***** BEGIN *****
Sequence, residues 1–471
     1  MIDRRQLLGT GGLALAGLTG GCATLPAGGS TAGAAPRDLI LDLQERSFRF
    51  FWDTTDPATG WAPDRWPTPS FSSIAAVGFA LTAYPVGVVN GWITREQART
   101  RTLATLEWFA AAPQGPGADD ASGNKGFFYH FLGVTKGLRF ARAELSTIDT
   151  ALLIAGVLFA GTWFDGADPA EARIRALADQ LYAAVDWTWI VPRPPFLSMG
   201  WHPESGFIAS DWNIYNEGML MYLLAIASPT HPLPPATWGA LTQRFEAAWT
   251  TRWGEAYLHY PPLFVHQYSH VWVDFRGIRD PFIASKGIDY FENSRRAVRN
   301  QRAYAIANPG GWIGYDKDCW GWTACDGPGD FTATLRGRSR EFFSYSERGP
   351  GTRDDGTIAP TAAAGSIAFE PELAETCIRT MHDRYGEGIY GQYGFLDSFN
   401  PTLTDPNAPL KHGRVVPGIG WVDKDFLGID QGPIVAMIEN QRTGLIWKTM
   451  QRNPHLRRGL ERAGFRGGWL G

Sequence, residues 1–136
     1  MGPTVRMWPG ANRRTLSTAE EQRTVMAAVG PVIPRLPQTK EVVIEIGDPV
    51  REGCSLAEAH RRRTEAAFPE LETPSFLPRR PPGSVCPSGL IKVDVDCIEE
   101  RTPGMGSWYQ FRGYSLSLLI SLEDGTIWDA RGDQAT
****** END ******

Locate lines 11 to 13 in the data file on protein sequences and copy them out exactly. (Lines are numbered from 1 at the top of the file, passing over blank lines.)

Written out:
   451  QRNPHLRRGL ERAGFRGGWL G

Sequence, residues 1–136
     1  MGPTVRMWPG ANRRTLSTAE EQRTVMAAVG PVIPRLPQTK EVVIEIGDPV